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Installing Ruby on Rails Environment on Ubuntu

By January 3, 2014Rails, Ruby, Ubuntu

I have recently joined a bootcamp for Ruby on Rails and thought it might be a good idea to share what I believe to be a decent startup guide on how you should setup your server. By no means is this the “best” configuration around, but it’s just an easy step by step guide I’m making based on the tutorials/books I’ve read on setting up the server.

For this, I used the free Amazon Web Service’s Ubuntu 12.04.3 LTS 64bit Server.

Once you have logged in successfully via SSH, just follow these steps to get you started on getting an environment that can safely run your Ruby on Rails application.

Note: If you are not sure how to access your server via SSH, follow the guide by Amazon here.

Where it says “Run”, all you need to do is copy the text that is in bold and paste it into the command line. I suggest copy and paste as you might make mistakes with spacing.

Updating the Server

First thing we need to do is update the server.

  • Run sudo apt-get update
  • Run sudo apt-get dist-upgrade

Note: You may be prompted with “Do you want to continue [Y/n]? – Press Y and hit enter

Install RVM

Now we are going to install RVM – a command-line tool which allows you to easily install, manage and work with Ruby.

  • Run curl -L | bash -s
  • Run source /home/ubuntu/.rvm/scripts/rvm
  • Run rvm get stable
  • Run rvm requirements
  • Run sudo apt-get install libyaml-dev

This process may take sometime to compile, so be patient.

Install Ruby

Now we are going to install Ruby using RVM. Depending on which version you are wanting to install, modify the command as such.

  • Run rvm install 2.0.0 –with-openssl-dir=$HOME/.rvm/usr Run rvm use 2.0.0
  • Run gem update –system 2.1.9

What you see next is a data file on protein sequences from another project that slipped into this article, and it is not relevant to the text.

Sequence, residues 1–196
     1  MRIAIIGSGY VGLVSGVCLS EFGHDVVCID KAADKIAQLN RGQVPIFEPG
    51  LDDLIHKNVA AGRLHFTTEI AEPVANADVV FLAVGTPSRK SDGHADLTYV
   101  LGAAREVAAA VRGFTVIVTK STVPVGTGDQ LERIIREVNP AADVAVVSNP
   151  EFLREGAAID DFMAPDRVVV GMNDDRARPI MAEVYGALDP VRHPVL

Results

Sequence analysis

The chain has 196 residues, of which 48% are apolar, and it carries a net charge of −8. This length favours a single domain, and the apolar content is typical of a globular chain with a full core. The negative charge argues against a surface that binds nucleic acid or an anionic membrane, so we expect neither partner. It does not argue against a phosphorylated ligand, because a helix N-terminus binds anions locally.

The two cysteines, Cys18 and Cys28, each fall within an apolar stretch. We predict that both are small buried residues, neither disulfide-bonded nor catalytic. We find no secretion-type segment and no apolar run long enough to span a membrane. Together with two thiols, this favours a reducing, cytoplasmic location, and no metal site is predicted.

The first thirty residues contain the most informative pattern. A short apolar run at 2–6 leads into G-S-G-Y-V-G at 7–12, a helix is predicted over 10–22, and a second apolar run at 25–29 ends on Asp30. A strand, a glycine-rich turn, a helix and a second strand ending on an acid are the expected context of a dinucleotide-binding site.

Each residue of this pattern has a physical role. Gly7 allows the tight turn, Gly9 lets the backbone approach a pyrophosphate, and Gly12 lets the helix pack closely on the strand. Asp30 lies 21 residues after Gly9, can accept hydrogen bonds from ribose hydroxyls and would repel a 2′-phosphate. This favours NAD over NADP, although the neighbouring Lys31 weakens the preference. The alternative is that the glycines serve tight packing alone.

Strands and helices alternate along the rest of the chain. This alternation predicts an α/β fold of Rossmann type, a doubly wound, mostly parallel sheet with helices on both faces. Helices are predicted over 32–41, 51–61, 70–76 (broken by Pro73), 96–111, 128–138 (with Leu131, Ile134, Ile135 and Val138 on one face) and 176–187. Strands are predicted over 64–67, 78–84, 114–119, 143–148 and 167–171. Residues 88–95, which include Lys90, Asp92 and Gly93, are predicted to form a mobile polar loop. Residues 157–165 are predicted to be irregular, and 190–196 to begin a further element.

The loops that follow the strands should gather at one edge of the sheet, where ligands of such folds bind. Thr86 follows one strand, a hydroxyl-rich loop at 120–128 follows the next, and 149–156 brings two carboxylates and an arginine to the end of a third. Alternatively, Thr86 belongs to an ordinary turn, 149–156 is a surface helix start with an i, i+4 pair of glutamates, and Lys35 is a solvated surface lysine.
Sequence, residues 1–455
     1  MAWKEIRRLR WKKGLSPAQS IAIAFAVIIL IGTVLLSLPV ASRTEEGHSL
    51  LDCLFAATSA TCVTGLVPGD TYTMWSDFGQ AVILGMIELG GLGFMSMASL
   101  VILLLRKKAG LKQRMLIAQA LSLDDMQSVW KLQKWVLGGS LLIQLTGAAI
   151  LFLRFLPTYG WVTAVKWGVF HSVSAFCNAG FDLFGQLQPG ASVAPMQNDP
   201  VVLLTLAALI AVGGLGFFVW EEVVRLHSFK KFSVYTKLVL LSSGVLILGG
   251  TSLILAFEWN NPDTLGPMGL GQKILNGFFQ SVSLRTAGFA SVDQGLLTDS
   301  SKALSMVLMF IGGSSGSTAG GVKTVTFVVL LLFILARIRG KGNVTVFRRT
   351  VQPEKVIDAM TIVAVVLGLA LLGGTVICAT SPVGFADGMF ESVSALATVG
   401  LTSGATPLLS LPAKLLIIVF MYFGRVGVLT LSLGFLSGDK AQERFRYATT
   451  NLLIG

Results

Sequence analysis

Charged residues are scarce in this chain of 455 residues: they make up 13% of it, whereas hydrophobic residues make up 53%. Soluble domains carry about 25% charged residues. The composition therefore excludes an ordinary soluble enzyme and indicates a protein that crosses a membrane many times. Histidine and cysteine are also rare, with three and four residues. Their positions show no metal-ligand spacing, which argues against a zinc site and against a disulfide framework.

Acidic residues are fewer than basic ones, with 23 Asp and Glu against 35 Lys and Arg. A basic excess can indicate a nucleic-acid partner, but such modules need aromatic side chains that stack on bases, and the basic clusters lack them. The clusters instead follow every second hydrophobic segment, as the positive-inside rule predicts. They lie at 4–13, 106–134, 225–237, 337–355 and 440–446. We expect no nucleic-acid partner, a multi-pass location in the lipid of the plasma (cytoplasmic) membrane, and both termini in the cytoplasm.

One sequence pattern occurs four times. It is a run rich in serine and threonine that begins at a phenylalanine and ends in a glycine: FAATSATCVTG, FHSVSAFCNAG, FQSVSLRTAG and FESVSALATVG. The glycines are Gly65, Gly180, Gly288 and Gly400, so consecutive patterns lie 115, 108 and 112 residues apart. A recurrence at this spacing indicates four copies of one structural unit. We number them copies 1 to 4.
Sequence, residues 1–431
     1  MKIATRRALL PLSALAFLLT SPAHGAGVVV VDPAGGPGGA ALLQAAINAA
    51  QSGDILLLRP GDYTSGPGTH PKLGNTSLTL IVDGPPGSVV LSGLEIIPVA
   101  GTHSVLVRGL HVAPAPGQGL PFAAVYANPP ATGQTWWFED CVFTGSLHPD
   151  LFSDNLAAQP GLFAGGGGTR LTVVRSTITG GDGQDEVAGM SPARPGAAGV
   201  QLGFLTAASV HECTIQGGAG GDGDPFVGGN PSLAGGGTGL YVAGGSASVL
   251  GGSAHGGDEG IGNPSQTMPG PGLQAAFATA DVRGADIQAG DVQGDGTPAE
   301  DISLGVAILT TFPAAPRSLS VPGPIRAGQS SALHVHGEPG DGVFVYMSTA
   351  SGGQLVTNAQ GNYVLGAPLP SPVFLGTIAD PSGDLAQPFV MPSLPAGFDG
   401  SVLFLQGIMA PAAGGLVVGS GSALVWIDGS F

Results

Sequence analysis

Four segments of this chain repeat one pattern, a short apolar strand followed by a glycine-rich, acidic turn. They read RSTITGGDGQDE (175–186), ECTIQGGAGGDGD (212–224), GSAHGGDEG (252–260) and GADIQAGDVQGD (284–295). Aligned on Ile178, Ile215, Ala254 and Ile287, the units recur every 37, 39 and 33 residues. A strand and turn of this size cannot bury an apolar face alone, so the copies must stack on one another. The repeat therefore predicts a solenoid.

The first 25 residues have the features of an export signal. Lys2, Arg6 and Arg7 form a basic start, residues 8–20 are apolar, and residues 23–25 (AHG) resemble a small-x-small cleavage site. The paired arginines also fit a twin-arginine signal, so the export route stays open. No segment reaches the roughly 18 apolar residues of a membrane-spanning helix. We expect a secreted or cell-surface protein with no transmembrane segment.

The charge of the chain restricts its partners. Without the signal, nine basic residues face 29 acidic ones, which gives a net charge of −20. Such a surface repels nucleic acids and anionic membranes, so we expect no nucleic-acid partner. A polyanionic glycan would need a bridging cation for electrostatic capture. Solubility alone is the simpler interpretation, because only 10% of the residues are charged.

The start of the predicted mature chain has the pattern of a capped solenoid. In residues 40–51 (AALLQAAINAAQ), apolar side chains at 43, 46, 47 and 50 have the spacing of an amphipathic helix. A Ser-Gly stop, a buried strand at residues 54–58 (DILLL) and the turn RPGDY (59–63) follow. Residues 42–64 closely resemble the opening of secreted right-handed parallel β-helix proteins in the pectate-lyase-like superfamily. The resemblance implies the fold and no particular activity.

This is the latest version I am using as of the time I am writing this.  If you are wanting to use Ruby 1.9.3 instead, change the 2.0.0 to 1.9.3 wherever it occurs.

Disable RDoc and Ri (Optional Step)

When installing gems, by default RubyGems generates two different kinds of documentation (called ri and rdoc), but many Ruby and Rails developers find that the time to build them isn’t worth the benefit. (Many programmers rely on online documentation instead of the native ri and rdoc documents.).

– Michael Hartl

Note that this step is optional – you don’t have to do it if you don’t want to, but I find that installing gems and many of the features for Ruby run much faster without RDoc and Ri.

  • Run nano ~/.gemrc

Type the following lines:

  • install: –no-rdoc –no-ri
  • update: –no-rdoc –no-ri

Press Ctrl+X and then press Y and hit Return/Enter

Install Rails

Now we’re going to install Rails 4.0.1 which is quite a simple step. If you didn’t follow the optional step of disabling RDoc and Ri, this could take some time.

  • Run gem install rails –version 4.0.1

Install Additional Packages

I found that the linux server needed a few more packages in order to run Ruby on Rails smoothly, especially to have MySQL and a few Javascript libraries – so in order to ensure that the server is capable of using such features, we’re going to install these packages.

  • Run sudo apt-get install libxslt-dev libxml2-dev libsqlite3-dev libmysqlclient-dev nodejs git

This basically installs the additional libraries, along with NodeJS and Git.

Now as I said, I do not expect this guide to be the best one available. But for someone who is starting out on RoR and wanting to have a server up and running on a linux server, this would definitely come in handy.

Please let me know if you have any suggestions or tips to improve this.

Majority of this article was based off this guide: Learn Web Development with the Ruby on Rails Tutorial